I think that for the first time, when I go to vote this November, I will probably not have to hold my nose as I make a selection for president. I don’t agree with Obama on everything, of course, but the core of what he stands for — that it is time to enter a post-racial, post-partisan time — and that putting the interests of the people before those of the corporation — is a powerful message.
And I’m not the only one that thinks so. One interesting read is Why This 55-Year-Old White Lifelong Republican Wants Obama To Win by Frank Schaeffer. He’s a pro-life, pro-military Republican that actually campaigned for McCain in 2000, and this year he’s supporting Obama. He pointed out another key point: Obama does not play on our fears.
Then there’s A Transformational Moment by Jim Wallis, who grew up in a time when white people that supported civil rights were literally putting their lives on the line. He ends with:
This morning I heard several interviews on NPR with black Americans about their response to Obama’s nomination. One older woman said, “A black man running for president, did you hear what just I said? A black man running for president of the United States ….” She just kept repeating the words, and succinctly captured my own personal feelings.
Yes, it is truly historic, and the U.K. newspaper headlines captured that sentiment as did papers around the world. Nothing could change the image of America around the world more than this. But it is more than historic; it is very personal for many of my generation. A new generation just sees this as natural — he’s an inspirational leader who happens to be black, which matters little to them. But for my generation — I’m dating myself now — this is a transformational moment, one we didn’t think would come in our lifetimes. Race was the issue that changed us, shaped us, determined our path, and even defined the meaning of our faith. Now a black man is running for president of the United States. Amazing grace.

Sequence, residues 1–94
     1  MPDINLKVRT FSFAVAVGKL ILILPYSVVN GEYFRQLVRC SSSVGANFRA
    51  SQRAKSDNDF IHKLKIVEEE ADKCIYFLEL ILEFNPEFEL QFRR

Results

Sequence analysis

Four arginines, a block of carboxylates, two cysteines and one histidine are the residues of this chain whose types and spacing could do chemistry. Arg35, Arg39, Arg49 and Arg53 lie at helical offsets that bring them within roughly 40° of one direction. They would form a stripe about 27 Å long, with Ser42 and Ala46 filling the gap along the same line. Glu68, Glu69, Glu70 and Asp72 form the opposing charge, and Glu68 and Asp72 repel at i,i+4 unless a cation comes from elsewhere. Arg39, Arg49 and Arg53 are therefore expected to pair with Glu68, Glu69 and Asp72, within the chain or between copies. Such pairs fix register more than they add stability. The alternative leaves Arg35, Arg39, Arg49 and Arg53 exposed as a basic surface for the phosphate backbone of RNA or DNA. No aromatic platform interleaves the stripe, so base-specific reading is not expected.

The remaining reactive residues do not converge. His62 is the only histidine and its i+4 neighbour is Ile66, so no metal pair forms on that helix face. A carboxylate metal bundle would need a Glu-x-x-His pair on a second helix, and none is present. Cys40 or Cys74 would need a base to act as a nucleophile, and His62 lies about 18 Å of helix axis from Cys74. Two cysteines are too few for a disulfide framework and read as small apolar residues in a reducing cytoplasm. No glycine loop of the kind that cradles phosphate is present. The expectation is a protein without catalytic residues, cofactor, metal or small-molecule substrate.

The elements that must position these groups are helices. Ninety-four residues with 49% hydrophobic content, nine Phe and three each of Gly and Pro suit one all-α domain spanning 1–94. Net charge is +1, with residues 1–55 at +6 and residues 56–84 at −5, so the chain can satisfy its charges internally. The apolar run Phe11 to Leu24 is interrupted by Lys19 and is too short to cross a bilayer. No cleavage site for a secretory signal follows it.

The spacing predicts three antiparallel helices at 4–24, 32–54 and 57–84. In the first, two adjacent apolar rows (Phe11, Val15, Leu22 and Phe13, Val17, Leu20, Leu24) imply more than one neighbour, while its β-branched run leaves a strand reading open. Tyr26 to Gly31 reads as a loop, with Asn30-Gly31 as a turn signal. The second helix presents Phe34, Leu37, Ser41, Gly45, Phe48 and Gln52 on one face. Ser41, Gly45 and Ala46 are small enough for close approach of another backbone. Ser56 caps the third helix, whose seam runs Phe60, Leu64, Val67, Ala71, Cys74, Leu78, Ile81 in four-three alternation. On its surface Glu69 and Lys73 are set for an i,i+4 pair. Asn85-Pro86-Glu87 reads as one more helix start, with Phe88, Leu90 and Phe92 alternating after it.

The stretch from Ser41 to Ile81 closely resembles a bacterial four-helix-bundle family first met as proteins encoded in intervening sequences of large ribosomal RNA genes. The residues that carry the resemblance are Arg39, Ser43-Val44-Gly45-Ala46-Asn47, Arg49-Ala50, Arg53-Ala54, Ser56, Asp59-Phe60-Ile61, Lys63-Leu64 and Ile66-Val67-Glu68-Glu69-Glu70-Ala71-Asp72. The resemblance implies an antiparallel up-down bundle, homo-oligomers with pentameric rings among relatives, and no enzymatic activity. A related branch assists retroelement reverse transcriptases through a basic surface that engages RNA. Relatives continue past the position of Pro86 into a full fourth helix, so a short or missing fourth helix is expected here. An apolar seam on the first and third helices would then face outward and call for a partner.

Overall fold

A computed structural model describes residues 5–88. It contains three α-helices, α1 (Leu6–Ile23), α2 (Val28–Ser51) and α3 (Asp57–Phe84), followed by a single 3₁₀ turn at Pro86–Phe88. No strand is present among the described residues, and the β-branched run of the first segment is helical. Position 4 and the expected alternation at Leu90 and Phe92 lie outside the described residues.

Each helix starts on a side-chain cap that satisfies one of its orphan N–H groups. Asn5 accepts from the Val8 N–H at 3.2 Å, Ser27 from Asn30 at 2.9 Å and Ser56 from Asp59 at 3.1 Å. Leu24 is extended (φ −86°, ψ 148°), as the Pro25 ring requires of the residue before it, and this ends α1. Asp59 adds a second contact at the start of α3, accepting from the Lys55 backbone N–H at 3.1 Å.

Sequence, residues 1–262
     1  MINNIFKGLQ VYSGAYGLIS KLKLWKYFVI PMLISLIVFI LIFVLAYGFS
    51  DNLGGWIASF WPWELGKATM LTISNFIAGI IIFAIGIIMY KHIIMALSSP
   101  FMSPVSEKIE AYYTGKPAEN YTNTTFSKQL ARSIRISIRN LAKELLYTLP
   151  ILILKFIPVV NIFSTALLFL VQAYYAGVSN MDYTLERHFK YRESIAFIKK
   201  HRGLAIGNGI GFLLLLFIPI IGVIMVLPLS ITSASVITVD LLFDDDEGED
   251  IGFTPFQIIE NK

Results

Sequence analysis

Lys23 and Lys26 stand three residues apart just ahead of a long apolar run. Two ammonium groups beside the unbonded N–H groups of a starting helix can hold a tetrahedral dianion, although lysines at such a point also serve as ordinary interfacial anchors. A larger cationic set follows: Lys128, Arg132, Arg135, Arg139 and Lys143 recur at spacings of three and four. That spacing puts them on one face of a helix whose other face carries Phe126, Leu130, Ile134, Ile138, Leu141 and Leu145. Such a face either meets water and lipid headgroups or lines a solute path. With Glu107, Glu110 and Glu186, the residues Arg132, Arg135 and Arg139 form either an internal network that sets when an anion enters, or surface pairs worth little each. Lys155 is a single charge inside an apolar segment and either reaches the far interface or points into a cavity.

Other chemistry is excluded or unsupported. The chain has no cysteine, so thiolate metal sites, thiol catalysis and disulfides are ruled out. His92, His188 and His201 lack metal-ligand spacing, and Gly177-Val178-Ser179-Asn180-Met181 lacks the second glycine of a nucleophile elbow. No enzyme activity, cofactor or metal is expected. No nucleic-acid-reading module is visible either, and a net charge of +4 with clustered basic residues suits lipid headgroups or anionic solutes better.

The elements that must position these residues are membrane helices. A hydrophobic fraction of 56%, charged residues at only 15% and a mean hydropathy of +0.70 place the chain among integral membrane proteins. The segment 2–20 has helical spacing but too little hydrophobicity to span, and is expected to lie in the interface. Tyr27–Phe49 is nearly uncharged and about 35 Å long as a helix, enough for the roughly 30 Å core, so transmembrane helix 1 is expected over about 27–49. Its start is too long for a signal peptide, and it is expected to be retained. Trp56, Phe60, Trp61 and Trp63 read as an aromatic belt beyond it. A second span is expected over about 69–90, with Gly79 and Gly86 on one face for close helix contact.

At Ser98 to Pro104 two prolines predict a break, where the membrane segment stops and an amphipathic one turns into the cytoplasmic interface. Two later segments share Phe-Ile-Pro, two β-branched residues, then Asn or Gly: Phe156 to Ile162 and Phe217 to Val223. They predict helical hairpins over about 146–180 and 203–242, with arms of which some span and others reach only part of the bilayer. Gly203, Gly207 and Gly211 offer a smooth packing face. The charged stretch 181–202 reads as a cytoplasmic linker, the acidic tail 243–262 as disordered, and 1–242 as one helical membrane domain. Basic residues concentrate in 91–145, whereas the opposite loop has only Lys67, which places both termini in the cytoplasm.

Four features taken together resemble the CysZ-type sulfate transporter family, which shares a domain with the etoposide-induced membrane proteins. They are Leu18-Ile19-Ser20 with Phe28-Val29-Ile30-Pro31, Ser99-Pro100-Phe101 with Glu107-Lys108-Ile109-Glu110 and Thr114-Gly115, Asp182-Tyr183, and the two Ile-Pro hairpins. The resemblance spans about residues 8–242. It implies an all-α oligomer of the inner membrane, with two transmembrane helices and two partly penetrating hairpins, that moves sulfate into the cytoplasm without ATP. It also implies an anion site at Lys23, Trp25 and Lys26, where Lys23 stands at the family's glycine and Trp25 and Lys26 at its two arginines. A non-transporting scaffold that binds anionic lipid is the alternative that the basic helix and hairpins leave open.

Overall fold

Tom Hayden reflects on the similarities between Obama and RFK, another interesting read. He concludes with:
Those who denounce Obama — and the possibilities of all electoral politics- – should ponder the effectiveness of sitting judgmentally on the sidelines while an Unexpected Future arrives through the sheer will of a new generation. They should consider whether politics and history can be reduced to a fixed determinism that is endlessly repeated, as if there are no surprises. We can have our differences with Obama’s specific policies, as I certainly do, but those should be measured against the prospect that a movement might transform him even as his very rise continues to transform the rest of us.
And now for something less inspiring. If you go look over at the latest blog entry at hillaryclinton.com and read the comments, these readers frankly sound more than a little loony. There are rampant accusations that Obama “stole the election” with the help of the DNC. That makes no sense to me; he followed the rules, and the DNC gave Clinton more delegates than she should have had with the rules as they were at the start of the game (which she supported then). The Obama campaign even rejected a plan that was less favorable to Clinton at the DNC rules committee meeting on Saturday. They also go on and on about how Obama has had so many scandals (though the Clinton real estate scandals really are far more serious than a former pastor). It all looks so very petty, and I wonder why Clinton has whipped up her supporters to such a fervent extent. Perhaps it was an accident, but you’d think things like this are rarely an accident with her.